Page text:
NVIDIA Titan RTX Comparison and Review

Although many consider the Titan RTX, the company’s latest and most powerful GPU, to be purpose-built for gamers, it’s marketed as something completely different. It’s been designed more for artists, content creation wizards, data scientists, developers involved in deep learning and AI researchers. The fact is, you won’t even find the words gaming or gamer anywhere on the NVIDIA product page.

It does pack a punch that makes it incredibly well-suited for use in gaming. However, it’s only likely appeal to gamers with very deep pockets and who really want a GPU with 24 GB of memory.

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  • RTX 2080 Ti
  • TITAN Xp
ArchitectureTuring - TU102Turing - TU102Volta - GV100Pascal
Process12nm FNN12nm FNN12nm16nm
CUDA Cores4608435251203840
Tensor Cores576544640
Tensor FLOPS130114110
RT Cores7268
Base Clock1350 MHz1350 MHz1200 MHz1405 MHz
Boost Clock1770 MHz1635 MHz1455 MHz1582 MHz
Memory Size24GB11GB12GB12GB
Memory Clock7000 MHz7000 MHz850 MHz2582 MHz
Memory Interface384-bit352-bit3072-bit384-bit
Memory Bandwidth672 GB/s616 GB/s652.8 GB/s547.6 GB/s
Max. GPU Temp89899194
Power Connectors8+8 pin8+8 pin6+8 pin6+8 pin
Graphics Card Power (TDP)280W260W250W250W
Recommended PSU650W650W600W600W
Year Released2018201820172017

The Titan RTX Compared to the Titan V / Titan Volta and Titan XP

When you look at the Titan RTX compared to the previous generation of Titan GPUs, the Titan V and Titan XP, it outperforms them both and is something of a powerhouse. It supports ray tracing with 72 RT cores, offers higher memory bandwidth at up to 672 GB/s, has double the amount of memory and a higher computing performance. The Volta and XP do not support ray tracing and only have 12 GB of memory. Even though the Volta has 5,120 CUDA cores compared to the RTX’s 4,608 the Titan RTX outperforms it at single-precision tasks: 16.3 TFLOPS vs. 13.8 TFLOPS and the Titan XP is a bit less at 12.1 TFLOPS. This is the result of the RTX’s higher boost clock and memory bandwidth speeds.


The NVIDIA Titan RTX Compared to the GeForce RTX 2080 Ti

Even when you compare the Titan RTX to the card it is most like, the GeForce RTX 2080 Ti, it outperforms and is a winner. They both rely on the much-famed TU102 GPU with Turing architecture, it is completely accessible and enabled on the Titan RTX. Thus the Titan RTX benefits from the SMs that have been disabled on the 2080 Ti model. This causes the GeForce RTX 2080 Ti to suffer from a narrower interface for memory, and less Tensor, RT, and CUDA cores.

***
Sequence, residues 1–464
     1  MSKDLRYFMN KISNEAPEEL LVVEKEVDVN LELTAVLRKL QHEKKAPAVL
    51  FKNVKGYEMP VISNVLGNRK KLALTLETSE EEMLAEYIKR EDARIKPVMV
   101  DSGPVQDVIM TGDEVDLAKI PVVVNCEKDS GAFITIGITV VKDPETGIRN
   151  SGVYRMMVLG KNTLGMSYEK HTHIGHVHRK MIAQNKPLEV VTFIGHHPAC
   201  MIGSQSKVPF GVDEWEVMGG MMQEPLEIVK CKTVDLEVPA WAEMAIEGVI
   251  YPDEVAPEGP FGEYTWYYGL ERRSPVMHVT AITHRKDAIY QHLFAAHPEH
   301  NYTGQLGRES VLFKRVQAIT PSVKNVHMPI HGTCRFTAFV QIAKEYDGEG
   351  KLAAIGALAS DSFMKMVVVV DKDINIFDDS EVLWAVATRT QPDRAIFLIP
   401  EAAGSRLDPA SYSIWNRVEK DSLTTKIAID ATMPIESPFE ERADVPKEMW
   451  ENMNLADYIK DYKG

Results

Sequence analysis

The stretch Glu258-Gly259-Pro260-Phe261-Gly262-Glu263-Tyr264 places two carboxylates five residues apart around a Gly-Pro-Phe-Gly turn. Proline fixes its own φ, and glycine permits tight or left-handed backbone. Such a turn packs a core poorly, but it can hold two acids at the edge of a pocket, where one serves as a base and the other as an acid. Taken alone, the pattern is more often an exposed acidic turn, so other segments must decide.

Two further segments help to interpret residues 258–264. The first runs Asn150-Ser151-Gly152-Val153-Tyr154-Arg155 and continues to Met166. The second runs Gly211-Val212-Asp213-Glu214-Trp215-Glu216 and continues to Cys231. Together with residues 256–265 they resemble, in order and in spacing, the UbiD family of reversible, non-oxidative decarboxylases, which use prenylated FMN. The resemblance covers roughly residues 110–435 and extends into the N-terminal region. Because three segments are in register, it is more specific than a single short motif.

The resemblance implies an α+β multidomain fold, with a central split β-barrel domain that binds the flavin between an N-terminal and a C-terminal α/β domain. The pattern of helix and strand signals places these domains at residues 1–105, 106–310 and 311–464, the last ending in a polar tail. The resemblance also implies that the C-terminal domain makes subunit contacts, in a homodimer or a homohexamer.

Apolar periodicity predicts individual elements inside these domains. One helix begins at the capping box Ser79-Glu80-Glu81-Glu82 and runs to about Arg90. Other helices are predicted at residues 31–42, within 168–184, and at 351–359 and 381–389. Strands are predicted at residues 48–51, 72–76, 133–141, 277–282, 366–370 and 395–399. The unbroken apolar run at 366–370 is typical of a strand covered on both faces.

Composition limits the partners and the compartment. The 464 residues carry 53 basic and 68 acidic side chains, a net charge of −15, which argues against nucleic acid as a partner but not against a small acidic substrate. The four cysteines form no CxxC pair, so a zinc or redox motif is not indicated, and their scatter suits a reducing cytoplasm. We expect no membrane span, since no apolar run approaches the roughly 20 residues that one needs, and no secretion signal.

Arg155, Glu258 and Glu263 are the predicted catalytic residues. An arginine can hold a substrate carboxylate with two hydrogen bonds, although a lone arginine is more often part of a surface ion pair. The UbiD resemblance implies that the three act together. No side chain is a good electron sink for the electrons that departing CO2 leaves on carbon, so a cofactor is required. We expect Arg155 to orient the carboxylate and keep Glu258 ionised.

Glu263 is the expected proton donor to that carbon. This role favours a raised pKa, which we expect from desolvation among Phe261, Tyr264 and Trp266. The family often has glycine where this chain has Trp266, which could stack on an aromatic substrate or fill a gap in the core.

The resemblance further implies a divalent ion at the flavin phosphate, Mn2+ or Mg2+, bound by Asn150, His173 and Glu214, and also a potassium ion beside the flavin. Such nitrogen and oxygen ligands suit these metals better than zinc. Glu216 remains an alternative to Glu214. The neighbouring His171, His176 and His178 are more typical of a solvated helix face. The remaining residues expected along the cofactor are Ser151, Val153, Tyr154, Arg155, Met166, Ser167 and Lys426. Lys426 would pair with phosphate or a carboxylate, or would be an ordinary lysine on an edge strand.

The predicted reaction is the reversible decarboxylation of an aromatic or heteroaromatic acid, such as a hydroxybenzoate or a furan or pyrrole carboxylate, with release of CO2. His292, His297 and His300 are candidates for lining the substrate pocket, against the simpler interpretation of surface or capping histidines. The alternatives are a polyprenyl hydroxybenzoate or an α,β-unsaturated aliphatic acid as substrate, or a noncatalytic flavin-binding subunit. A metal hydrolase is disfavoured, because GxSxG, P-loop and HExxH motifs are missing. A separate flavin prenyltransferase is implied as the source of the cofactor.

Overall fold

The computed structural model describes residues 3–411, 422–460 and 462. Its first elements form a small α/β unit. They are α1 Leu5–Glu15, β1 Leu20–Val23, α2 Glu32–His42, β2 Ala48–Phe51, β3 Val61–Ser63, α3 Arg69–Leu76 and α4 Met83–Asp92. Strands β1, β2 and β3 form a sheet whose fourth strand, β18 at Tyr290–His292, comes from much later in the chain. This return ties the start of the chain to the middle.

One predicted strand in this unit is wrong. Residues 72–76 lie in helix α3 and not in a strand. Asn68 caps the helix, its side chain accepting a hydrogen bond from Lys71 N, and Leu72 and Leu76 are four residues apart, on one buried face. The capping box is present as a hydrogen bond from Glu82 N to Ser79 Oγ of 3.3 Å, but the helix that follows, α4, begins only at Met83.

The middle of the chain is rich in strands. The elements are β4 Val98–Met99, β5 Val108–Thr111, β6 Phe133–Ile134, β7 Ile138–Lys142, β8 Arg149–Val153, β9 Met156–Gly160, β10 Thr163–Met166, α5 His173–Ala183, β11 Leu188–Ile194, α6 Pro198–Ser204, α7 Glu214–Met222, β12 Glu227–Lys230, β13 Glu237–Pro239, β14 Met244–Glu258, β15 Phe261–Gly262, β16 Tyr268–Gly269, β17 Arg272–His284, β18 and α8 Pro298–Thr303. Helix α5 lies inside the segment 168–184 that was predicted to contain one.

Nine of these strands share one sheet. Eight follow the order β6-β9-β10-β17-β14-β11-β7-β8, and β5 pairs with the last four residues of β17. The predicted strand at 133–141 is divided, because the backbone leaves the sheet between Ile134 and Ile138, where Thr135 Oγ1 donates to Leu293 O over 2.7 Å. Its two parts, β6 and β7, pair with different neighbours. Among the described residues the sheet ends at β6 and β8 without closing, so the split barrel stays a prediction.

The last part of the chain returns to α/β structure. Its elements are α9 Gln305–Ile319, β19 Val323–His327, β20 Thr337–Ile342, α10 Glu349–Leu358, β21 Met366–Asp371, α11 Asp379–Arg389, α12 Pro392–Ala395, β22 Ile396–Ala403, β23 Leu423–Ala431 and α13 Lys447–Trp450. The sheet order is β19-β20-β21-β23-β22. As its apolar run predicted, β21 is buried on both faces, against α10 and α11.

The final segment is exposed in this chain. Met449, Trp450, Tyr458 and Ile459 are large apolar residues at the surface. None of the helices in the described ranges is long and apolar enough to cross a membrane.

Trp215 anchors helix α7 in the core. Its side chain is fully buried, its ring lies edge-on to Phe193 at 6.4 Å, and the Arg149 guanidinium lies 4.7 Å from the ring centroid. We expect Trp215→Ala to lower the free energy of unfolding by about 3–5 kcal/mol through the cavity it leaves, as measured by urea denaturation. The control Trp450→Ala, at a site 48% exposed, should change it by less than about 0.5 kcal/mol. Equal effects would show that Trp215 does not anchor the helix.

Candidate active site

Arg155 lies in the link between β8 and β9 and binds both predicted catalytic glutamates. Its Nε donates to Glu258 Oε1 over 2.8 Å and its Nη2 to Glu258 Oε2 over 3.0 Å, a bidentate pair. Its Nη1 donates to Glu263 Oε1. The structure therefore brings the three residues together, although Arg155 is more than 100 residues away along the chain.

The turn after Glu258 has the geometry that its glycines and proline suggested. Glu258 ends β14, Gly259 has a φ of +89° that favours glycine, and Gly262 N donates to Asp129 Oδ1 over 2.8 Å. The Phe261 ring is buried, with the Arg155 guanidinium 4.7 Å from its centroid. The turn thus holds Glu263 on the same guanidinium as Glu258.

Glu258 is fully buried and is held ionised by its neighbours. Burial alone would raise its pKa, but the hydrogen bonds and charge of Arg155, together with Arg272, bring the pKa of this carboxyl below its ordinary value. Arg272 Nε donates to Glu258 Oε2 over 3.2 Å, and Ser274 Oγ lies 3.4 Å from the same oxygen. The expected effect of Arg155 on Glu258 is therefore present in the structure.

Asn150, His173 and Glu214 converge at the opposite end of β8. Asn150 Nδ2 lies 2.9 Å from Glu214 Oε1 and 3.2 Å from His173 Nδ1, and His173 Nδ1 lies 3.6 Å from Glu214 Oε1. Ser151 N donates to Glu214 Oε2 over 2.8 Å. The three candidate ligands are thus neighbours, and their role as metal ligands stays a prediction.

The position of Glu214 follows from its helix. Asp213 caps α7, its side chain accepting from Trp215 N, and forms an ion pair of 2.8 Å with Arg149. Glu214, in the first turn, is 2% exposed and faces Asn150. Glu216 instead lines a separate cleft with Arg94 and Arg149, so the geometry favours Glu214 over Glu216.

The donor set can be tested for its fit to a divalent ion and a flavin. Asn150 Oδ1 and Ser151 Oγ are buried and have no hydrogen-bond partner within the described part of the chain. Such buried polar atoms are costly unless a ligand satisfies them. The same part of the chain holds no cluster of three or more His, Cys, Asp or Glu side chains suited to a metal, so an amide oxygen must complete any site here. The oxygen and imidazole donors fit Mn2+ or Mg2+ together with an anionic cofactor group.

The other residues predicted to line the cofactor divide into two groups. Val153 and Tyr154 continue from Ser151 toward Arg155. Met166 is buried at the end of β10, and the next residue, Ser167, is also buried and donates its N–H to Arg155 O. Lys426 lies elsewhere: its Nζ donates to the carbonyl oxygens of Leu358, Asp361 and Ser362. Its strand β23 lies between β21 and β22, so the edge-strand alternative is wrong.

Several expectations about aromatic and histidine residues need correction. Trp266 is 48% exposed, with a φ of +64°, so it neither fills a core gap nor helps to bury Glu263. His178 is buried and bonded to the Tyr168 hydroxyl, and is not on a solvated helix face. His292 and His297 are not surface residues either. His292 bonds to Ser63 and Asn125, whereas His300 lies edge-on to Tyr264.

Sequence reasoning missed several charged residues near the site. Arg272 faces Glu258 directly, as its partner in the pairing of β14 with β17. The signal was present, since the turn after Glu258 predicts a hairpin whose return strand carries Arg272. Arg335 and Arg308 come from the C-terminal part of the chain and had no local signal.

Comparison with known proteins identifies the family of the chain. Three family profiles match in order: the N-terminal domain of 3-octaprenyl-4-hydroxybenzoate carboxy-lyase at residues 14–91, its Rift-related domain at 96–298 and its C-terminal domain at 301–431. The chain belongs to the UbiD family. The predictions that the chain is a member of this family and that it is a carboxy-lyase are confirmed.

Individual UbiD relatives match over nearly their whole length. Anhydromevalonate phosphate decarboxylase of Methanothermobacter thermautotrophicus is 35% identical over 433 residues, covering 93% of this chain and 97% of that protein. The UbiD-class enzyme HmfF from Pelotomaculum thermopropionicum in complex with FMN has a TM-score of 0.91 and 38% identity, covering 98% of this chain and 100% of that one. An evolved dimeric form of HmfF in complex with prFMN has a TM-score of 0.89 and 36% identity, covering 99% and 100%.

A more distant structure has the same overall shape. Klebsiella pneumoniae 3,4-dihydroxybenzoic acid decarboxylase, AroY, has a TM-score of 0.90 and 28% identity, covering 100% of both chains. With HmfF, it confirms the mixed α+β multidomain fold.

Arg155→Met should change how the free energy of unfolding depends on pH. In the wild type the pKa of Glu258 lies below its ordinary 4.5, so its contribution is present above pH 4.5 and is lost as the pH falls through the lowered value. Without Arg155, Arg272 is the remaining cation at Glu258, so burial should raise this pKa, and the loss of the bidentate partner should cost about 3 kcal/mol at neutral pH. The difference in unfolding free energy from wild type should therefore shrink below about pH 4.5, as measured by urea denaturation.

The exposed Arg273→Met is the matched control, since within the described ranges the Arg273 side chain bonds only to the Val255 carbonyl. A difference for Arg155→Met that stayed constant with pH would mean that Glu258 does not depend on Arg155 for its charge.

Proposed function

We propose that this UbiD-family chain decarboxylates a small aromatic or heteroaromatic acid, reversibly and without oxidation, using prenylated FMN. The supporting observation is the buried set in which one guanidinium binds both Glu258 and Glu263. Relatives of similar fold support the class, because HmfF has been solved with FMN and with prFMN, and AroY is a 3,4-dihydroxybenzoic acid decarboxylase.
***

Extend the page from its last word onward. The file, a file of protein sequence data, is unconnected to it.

Another very important distinction is that the 2080 Ti has less than half the memory of the Titan RTX, with only 11 GB compared to 24 GB.

The additional cores and memory on the Titan RTX bump up the total power consumption 20 watts to 280 watts.

Where they are both essentially very similar though is in their physical structure and design. Apart from the golden anodization on metallic surfaces and the badges, the Titan RTX has a champagne golden tinged glossy and brushed finish all over that looks more dazzling than the platinum/silver colouring of the RTX 2080 Ti.


Elegant and Striking Graphics Card Design

You will find that there are metallic shrouds over all the surface of the Titan RTX with a slick mounting bracket that’s totally blacked out. The black plate is etched and heavy-duty with a lit-up Titan logo running along the edge. One thing that’s missing from previous cards is the SLI connector that has been replaced by a cutting-edge NVLink connector that offers increased bandwidth for machines with multiple cards. This is a very beautiful GPU with golden accents and bolts to finish it off.


New and Improved Cooling System

NVIDIA has worked hard to produce a brand-new cooler that is comprised of the two 13-blade axial fans against a vapor chamber with a much higher capacity than the Volta and Pascal based cards offered. Numerous heatsink fins are connected via many embedded heat pipes to the thick baseplate. This has a very durable and sturdy construction and sits over the whole PCB. According to NVIDIA, this new design offers a much quieter operating and cooler system well as more effective cooling regardless of the voltage and frequency settings.



In terms of clocking, its base is capable of 1350 MHz and that boosts up to 1770 MHz, with its 24 GB of memory clocking at an impressive 7000 MHz with total memory bandwidth at 672 GB/s. For those kinds of speeds the card has a thermal design power of 280 watts. At 16.3TFLOPS and 388.8GTexels/s the performance of this card is noteworthy because it is the highest that has been offered by any Turing based graphics card so far.


How It’s Powered

For enough power to be supplied to the Titan RTX, it has been equipped with two PCI Express 8-pin connectors and has an upgraded and enhanced VRM with a completely digital design to provide more robust and a smoother delivery of power as well as even better noise reduction. Another aspect of the Titan RTX that mirrors that of the GeForce RTX 2080 Ti is this 13 phase power system.


Variety of Different Versatile Connector Options (Including VirtualLink USB Type-C)

The card is completed with three DisplayPorts (V1.4/DSC 1.2), along with a highly regarded and sought after VirtualLink USB Type-C port and an HDMI 2.0b port (featuring a HDCP 2.2). The USB-C port provides compatibility with USB 3.1 Gen 2 and 4-lane HBR3.



This release from NVIDIA is more effective, efficient and faster when used for computing workloads and in gaming (as most people figured it would be, we’re guessing). For data scientists and content creation professionals, it is not only less expensive compared to the Titan Volta, the Quadro RTX 5000 and Quadro P6000, but offers greater computing performance and higher memory capacity.

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